(ChemotherapyAdvisor) – Shortening the interval between upper endoscopies decreases the stage of gastric cancer at diagnosis, according to a team of Korean researchers. This conclusion is based on a study entitled “Association of the interval between endoscopies with gastric cancer stage at diagnosis in a region of high prevalence,” which was published in Cancer online on July 13.
The investigators aimed to “evaluate the association between the interval between upper gastrointestinal endoscopies and the gastric cancer stage at diagnosis in patients from a region of high prevalence.” To meet this aim, the investigators studied a cohort of 2485 patients diagnosed with gastric adenocarcinoma, stratifying them into 7 groups: 1-, 2-, 3-, 4-, 5-, >5-year intervals between upper endoscopies and those who had never been screened.
The following results were reported. The risk of higher cancer stage at diagnosis increased by 23% per increase in interval length (odds ratio [OR] = 1.23, 95% confidence interval [CI] = 1.19–1.28). Compared to the never-screened group, the OR of having a higher stage of cancer decreased gradually from 0.53 (95% CI = 0.41–0.69) in the >5-year interval group to 0.31 (95% CI = 0.24–0.40) in the 1-year interval group. Compared to the 1-year interval group, the risk of advanced gastric cancer was increased in the 4- and 5-year, but not the 2- and 3-year, interval groups. However, patients with a family history of gastric cancer were more likely to have a higher stage at diagnosis if they had a 3-year interval rather than a 1-year interval.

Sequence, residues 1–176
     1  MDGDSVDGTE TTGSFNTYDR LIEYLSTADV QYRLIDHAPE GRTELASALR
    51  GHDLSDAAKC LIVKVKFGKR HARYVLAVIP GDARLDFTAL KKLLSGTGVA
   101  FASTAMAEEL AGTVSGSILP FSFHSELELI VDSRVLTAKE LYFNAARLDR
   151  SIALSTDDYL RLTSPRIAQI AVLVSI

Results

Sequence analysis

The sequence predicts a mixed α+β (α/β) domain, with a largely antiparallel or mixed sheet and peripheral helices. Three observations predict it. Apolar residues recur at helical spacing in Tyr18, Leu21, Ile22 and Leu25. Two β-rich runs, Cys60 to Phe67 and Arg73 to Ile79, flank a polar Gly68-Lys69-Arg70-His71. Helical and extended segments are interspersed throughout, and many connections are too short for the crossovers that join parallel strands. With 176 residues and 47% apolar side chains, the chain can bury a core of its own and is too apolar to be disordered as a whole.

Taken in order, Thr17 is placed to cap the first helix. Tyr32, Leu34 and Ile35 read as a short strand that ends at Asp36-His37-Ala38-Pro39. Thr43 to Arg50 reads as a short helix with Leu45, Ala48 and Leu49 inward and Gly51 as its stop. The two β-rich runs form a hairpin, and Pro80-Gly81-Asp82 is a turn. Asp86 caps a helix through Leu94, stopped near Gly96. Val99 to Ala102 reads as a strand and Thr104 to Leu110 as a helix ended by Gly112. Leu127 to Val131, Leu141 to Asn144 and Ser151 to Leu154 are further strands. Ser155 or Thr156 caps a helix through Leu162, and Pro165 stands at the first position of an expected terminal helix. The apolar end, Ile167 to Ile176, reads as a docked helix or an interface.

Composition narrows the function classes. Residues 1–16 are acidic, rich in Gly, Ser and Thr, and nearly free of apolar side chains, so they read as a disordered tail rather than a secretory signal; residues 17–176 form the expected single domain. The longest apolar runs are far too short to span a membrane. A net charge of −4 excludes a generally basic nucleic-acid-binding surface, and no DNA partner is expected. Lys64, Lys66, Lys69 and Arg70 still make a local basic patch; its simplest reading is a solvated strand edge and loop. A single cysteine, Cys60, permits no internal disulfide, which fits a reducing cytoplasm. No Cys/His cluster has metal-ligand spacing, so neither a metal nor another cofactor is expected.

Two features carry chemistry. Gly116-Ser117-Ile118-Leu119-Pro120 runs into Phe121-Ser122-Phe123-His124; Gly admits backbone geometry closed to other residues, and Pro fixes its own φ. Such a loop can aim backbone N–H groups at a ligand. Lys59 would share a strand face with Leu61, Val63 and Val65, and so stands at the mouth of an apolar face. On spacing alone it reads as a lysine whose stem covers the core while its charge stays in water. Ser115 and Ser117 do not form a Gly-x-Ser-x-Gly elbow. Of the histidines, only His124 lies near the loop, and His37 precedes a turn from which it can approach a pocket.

The investigators concluded: “Endoscopy intervals of 3 years or less showed significant benefits, but family members of gastric cancer patients may benefit from intervals of under 3 years.”